Dr. Gautam Arora Asks – What are the Types of Mild Brain Tumors?

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Typically Mild Brain Tumors:

  1. Meningioma Mild Brain Tumors

Meningioma is the most prevalent primary brain tumor, accounting for more than 30% of all brain tumors. It develop in the meninges, the three outer layers of tissue that cover and protect the brain just beneath the skull. Moreover, Meningiomas diagnosed more frequently in women than in men. Meningiomas are noncancerous, slow-growing tumors that account for around 85 percent of all cases. Even though almost all meningiomas are benign, some might persist and recur following therapy.

  1. Pituitary Adenoma

The most frequent type of pituitary tumor is an adenoma, a tumor that grows in the gland tissues. Pituitary adenomas form from the pituitary gland and grow slowly. Adenomas account for about 10% of all primary brain tumors. Also, they have the capacity to induce eyesight and endocrinological issues. Adenomas, fortunately for patients, are benign and curable with surgery or treatment.

  1. Craniopharyngioma

These benign tumors can look as solid tumors or cysts and grow around the pituitary gland. In addition, Craniopharyngiomas frequently push nerves, blood vessels, or brain tissue around the pituitary gland. They, like adenomas, can cause eyesight and endocrinological problems. They typically affect children, teenagers, and people over the age of 50.

  1. Schwannoma Mild Brain Tumors

Acoustic neuromas (vestibular schwannomas) are slow-growing, benign nerve tumors that link the ear to the brain. Acoustic neuromas account for less than 8% of all primary brain tumors. They typically appear in middle-aged individuals, grow on the nerve sheath (the coating surrounding the nerve fibers), and frequently cause hearing loss. Undoubtedly, Schwannomas can potentially cause damage to the trigeminal nerve. These are known as trigeminal schwannomas, and they can cause facial pain. Also, they are far less prevalent than vestibular schwannomas.

  1. Angiofibroma of the Nasopharynx

Nasopharyngeal angiofibroma, also called juvenile nasopharyngeal angiofibroma, is a benign skull base tumor in the nose that is most commonly found in adolescent boys. Furthermore, it is the most frequent benign nasopharyngeal tumor (the space at the back of the nose that connects the nose with the mouth). Apart from this, it spreads to the nose and causes symptoms such as congestion and nosebleeds.

  1. Tumor of the Choroid Plexus

Choroid plexus tumors are uncommon tumors that develop in the choroid plexus. This brain region creates cerebrospinal fluid within its ventricles. Approximately 90% of these tumors are benign. Firstly, they are most common in children under the age of two. They can lead to hydrocephalus, or a buildup of cerebrospinal fluid, as they develop. Secondly, this can result in enhanced pressure on the brain and skull growth. Choroid plexus carcinoma is a rare malignant kind of choroid plexus tumor.

  1. Dysembryoplastic Neuroepithelial Tumor

This is a neuronal-glial brain tumor, which means it comprises both neurons and supporting cells. Along with, Dysembryoplastic neuroepithelial tumors are uncommon benign tumors that develop in the tissues that surround the brain and spinal cord. Also, these tumors, which are most commonly detected in adolescents and teenagers, can cause seizures. Gangliogliomas, gangliocytomas, and rosette-forming tumors are examples of neuronal-glial brain cancers.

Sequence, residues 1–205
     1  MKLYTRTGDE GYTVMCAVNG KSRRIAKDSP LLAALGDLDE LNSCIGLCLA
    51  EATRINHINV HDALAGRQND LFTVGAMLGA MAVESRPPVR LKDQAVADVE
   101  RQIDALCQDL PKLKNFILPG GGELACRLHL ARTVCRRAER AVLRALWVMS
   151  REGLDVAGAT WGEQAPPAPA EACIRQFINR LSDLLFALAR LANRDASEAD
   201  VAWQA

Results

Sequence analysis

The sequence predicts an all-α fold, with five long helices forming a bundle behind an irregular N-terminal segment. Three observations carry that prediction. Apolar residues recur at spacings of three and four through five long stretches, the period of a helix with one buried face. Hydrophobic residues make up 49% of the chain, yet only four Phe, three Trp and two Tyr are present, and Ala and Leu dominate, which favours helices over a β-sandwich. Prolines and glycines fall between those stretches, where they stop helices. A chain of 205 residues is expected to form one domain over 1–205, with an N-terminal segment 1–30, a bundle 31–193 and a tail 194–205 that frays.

1. Neurofibroma

Neurofibromas are painless, benign tumors that can form on nerves anywhere in the body. In addition, these soft, fleshy growths can form in the brain, on cranial nerves, or the spinal cord. Multiple neurofibromas are a sign of neurofibromatosis type 1 (a hereditary condition) (NF1).

  1. Hemangioblastoma

Hemangioblastomas are benign blood vessel tumors that can occur in the brain. Besides, these tumors are frequently surgically removed. They can occur in many locations on rare instances and indicate a hereditary condition called Von Hippel-Lindau. Various tests and consultations with the best neurologist may be advised if this is the case.

  1. Chondroma

Chondromas are exceedingly rare benign cartilage tumors. They can form in the cartilage of the skull base and the paranasal sinuses. Still, they can also form in other regions of the body, such as the hands and feet. Chondromas are more common in people between the ages of 10 and 30. While these tumors grow slowly, they can eventually fracture the bone or grow too large, putting pressure on the brain.

  1. Tumor of the Giant Cell

Giant cell tumors are infrequent bone tumors that typically affect the leg and arm bones because of their enormously massive cells. They could also discovered in the skull. The majority of giant cell tumors are benign and affect people between the ages of 20 and 40.

  1. The Osteoma

Osteomas are mild bone tumors (new bone growth) that typically originate on the base of the skull and facial bones. In most cases, these slow-growing tumors do not cause any symptoms. On the other hand, large osteomas may cause breathing, visual, or hearing issues if they form in specific parts of the brain.

It’s your duty to visit a specialist no matter how mild brain tumors seems. Consult the best neurologist Dr. Gautam Arora and protect yourself from this fearful ailment. Dr. Gautam Arora has been in the field for more than a decade and is skilled enough to handle your symptoms and provide you with the best cure, being the best neurologist.